# The Super-Humean Theory of Belief

The classic “Lockean” thesis about full and partial belief says full belief is rational iff strong partial belief is rational. Hannes Leitgeb’s “Humean” thesis proposes a subtler connection. $\newcommand\p{Pr} \newcommand{\B}{\mathbf{B}} \newcommand{\given}{\mid}$

The Humean Thesis

For a rational agent whose full beliefs are given by the set $\mathbf{B}$, and whose credences by the probability function $\p$: $B \in \mathbf{B}$ iff $\p(B \given A) > t$ for all $A$ consistent with $\mathbf{B}$.

Notice that we can think of this as, instead, a coherentist theory of justification. Suppose we replace credence with “evidential” probability (think: Carnap, Williamson). Then we get a theory of justification where beliefs aren’t justified in isolation. It’s not enough for a belief to be highly probable in its own right, it has to be part of a larger body that underwrites that high probability.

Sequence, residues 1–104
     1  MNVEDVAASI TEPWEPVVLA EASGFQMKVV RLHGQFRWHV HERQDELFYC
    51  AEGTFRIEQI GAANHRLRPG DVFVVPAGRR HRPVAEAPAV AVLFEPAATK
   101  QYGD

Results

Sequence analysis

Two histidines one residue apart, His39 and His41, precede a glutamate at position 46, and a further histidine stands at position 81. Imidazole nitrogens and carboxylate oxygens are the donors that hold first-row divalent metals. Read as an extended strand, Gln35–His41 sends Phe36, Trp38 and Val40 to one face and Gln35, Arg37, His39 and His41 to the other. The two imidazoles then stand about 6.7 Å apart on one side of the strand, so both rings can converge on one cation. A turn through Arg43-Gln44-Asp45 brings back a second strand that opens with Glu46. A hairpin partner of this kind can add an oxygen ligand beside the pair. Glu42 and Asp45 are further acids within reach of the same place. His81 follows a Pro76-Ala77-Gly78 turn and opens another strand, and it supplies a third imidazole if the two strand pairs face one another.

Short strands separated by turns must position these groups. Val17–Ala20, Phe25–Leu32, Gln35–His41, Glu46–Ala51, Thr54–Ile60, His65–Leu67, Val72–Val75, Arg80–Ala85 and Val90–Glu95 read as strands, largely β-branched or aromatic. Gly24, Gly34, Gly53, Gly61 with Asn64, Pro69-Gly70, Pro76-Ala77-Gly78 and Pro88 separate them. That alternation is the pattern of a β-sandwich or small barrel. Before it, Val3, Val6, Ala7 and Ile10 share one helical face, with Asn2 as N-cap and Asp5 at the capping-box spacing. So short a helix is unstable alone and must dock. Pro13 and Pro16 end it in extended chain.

Flipping things around, the coherentist theory of justification from my last wacky post doubles as an even wackier theory of full belief. The Humean view is roughly that a belief is justified iff its fellows secure its high probability. Now the “Super-Humean” view says a belief is justified to the extent its fellows secure its high centrality.

(Last time we explored one fun way of measuring centrality, drawing on coherentism for inspiration, and network theory for the math. But network theory offers many others ways of measuring centrality, which could be slotted in here to provide alternative theories of full and partial belief.)